Mapping for Results - what does this World Bank project tell us about Tanzania?

Mapping for Results – what does this World Bank project tell us about Tanzania?

A lot of people have been pushing recently at the link between mapping and accountability. Whether it’s detailed local maps of reported crime in the UK or East Africa’s own Ushahidi platform, the internet and mobile phones are enabling new map-based ways of collecting, visualising and sharing information that can potentially be used to hold decision makers to account.

The most recent example comes from the World Bank. They recently published their Mapping for Results site, which presents (on a map, of course) details of 1250 current World Bank-financed projects in over 16,000 locations in 79 countries. Each location has a marker that can be clicked to reveal more details of the project and its location.

For Tanzania, the map shows 40 financed activities in 524 locations:

The accountability potential is obvious. Look at the map above, for example, and you’ll see relatively few project locations in the west of the country – Kigoma, Tabora and Rukwa regions – compared to much more dense concentrations of projects in the north and east. We can use this to start asking questions about why this is the case? Is it that these three regions are a long way from Dar and relatively inaccessible? Does distance matter because it makes projects more expensive to implement or more time consuming for busy Bank staff to prepare, or simply because it makes problems in those areas less obviously visible?

Being able to meaningfully ask such questions depends on the data being accurate. This being a World Bank initiative, they’ve taken care to add disclaimers like “not all data has been validated by TTLs, may be updated, and be subject to change” and “the precision of each project depends on the quality of the publicly available project documentation.”.

But they do seem pretty confident in the reliability and detail of the maps: The maps display the number of activities of a given World Bank project. For example a project in health may have different hospital locations; the project activities layer will show all these locations on the map.”

However, there seems to be some lack of consistency in this – the site also states that national and budget support projects are not included on the map, so different locations for national projects are not shown.

For the water sector in Tanzania, for example, three bank projects are listed – the Lake Victoria Environmental Management Project, the Dar es Salaam Water Supply and Sanitation Project, and the Water Sector Support Project (known to everyone outside the Bank as the Water Sector Development Programme). The first two, which are much smaller projects, are linked to a number of locations and displayed on the map, while the much larger project – the WSSP/WSDP – has just one marker on the map (highlighted in the image above), placed seemingly randomly somewhere near Chalinze.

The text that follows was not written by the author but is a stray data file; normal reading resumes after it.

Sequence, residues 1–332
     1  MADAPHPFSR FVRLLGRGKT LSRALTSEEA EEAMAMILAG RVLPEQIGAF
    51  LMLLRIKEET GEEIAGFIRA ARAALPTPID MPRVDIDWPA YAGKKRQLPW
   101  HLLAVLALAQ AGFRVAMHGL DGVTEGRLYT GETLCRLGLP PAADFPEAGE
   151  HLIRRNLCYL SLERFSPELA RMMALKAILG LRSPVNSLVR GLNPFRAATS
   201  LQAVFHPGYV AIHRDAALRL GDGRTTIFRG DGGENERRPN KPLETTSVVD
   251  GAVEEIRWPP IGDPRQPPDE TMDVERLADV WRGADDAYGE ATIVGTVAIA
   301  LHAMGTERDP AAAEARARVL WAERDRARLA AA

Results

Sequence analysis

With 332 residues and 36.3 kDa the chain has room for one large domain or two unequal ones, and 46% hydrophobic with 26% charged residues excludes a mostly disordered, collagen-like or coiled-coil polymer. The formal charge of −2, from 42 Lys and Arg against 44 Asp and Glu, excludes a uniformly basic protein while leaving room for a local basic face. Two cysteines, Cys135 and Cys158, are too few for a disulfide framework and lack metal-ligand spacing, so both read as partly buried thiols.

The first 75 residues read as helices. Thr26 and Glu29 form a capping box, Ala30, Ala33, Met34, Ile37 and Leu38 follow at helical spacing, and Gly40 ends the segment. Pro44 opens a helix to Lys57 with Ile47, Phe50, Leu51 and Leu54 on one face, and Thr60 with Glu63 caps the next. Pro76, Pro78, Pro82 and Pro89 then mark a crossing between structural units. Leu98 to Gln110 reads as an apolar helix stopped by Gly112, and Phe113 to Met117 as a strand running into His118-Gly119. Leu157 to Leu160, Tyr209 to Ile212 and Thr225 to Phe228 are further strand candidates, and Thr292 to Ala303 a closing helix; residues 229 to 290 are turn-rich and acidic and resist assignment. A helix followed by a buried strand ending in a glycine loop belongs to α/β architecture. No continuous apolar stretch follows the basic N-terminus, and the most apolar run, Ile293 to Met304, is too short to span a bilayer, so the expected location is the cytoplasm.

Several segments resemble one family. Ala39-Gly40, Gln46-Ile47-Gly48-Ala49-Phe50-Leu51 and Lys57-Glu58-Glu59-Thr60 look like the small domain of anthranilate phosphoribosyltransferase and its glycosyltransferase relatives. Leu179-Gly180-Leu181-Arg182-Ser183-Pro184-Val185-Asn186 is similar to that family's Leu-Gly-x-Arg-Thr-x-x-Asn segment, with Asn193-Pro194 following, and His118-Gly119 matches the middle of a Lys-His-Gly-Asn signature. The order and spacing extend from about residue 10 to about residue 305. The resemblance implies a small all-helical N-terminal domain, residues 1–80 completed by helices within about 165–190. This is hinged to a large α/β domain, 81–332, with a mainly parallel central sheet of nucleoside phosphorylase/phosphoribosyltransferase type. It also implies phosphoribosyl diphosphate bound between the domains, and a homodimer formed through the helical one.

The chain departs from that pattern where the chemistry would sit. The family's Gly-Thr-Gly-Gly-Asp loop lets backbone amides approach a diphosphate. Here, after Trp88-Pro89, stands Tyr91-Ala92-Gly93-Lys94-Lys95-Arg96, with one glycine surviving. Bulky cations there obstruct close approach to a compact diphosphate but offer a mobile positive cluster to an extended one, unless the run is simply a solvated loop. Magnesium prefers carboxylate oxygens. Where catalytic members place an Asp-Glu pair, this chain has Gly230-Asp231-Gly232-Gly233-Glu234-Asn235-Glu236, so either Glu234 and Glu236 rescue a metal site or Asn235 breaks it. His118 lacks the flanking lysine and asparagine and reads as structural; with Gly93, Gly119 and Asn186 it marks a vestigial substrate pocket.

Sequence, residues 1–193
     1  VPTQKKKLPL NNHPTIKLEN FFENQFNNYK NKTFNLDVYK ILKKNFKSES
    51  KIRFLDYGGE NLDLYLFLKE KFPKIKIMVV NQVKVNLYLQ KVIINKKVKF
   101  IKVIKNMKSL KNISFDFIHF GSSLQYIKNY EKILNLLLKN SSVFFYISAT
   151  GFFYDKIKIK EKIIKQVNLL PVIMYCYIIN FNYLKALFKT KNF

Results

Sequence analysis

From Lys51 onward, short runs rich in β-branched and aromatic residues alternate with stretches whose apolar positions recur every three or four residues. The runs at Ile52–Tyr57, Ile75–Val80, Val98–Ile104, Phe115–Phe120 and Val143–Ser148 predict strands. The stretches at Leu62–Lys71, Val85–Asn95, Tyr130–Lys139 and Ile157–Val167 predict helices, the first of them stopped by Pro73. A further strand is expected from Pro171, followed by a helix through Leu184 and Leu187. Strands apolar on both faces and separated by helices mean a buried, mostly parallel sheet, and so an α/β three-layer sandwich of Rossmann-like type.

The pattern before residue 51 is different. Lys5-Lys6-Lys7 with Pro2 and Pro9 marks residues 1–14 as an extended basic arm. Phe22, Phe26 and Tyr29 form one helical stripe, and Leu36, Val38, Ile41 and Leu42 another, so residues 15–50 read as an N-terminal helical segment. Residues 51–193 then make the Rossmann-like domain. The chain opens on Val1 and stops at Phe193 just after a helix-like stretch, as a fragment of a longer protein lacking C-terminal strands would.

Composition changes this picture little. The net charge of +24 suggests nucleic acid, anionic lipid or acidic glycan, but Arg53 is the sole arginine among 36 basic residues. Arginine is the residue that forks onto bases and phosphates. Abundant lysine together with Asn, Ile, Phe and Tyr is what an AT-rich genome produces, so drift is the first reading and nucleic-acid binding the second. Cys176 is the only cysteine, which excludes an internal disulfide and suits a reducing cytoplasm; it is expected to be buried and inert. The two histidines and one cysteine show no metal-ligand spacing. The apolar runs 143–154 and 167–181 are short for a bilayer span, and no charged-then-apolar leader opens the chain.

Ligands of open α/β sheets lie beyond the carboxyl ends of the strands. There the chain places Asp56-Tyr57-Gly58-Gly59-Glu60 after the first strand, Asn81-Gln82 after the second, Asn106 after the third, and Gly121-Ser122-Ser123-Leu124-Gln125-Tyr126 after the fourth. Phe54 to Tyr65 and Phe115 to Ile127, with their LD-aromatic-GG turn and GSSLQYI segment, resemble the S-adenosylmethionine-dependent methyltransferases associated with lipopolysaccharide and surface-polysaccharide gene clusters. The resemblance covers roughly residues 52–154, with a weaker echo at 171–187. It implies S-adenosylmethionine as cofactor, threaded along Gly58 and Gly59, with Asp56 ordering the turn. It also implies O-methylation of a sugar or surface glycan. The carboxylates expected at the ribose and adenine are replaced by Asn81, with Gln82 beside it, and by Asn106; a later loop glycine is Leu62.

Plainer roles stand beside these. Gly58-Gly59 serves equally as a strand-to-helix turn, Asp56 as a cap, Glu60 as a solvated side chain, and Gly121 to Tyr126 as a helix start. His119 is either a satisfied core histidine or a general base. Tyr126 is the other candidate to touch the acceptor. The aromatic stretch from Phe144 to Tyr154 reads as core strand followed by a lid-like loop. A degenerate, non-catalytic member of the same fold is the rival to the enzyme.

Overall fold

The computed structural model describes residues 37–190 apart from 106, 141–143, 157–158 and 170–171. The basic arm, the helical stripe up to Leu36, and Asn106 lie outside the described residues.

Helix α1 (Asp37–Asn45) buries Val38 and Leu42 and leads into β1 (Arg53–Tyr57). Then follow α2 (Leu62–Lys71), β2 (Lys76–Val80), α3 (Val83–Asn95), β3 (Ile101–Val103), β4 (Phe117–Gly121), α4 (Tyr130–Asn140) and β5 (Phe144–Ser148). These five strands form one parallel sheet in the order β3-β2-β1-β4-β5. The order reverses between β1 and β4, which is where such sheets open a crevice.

The reasons for this are pretty obvious – that mapping 10 villages in every district that had been selected for rural water supply projects with WSDP support would be a major undertaking and probably impossible for a team in Washington. And that’s before you get to urban water supply or water resource management projects. But to omit the biggest projects (and I’m sure there are other similarly dominant projects in other sectors that are also effectively omitted), is a pretty serious weakness for the map. Besides making the map misleading, this omission also has the potential to undermine moves towards improved donor coordination since many national projects will also be multi-donor projects.

I think it’s worth thinking back to Owen Barder’s recent posts on aid transparency – his main point being a call for transparency to be citizen-centred rather than donor-centred. For maps, that means disaggregation to the lowest level possible, giving some sense of the size of a project. And to be honest, to most people in Tanzania it don’t really matter who’s funding a project – a map showing projects by all donors (and even those funded by local revenues) would be far more useful to us than a map showing only WB-financed projects.

I should not put too much weight on these criticisms – after all, the World Bank’s moves towards greater transparency are positive. This is also a first effort, based on information from Project Appraisal Documents, etc. that are explicitly donor-centric documents – the information wasn’t collected with this purpose in mind. And the maps are designed, at least in part, to show other donors what is possible. I’m sure they will improve over time.

If future maps can break down bigger projects to a more meaningful level and be extended to include non-WB projects, they will become a very useful tool. Until then, it will be most useful as a demonstration.

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Originally posted on Daraja’s blog, at